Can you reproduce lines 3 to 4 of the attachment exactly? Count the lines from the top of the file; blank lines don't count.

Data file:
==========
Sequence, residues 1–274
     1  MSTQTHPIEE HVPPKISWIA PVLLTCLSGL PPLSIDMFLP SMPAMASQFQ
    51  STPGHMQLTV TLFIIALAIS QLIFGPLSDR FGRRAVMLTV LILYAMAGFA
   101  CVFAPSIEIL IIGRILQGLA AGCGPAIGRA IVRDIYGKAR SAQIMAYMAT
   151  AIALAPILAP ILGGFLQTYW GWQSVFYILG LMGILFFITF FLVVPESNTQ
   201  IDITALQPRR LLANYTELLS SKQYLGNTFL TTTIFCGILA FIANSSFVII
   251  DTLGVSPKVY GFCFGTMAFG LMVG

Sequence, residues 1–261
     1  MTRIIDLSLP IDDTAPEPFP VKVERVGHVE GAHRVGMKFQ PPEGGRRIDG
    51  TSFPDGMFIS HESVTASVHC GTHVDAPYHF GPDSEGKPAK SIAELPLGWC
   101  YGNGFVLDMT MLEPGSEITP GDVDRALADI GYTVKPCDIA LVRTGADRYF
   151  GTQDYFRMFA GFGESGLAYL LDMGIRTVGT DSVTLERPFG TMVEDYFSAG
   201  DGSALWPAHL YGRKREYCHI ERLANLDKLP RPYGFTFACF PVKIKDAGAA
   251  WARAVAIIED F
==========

    51  STPGHMQLTV TLFIIALAIS QLIFGPLSDR FGRRAVMLTV LILYAMAGFA
   101  CVFAPSIEIL IIGRILQGLA AGCGPAIGRA IVRDIYGKAR SAQIMAYMAT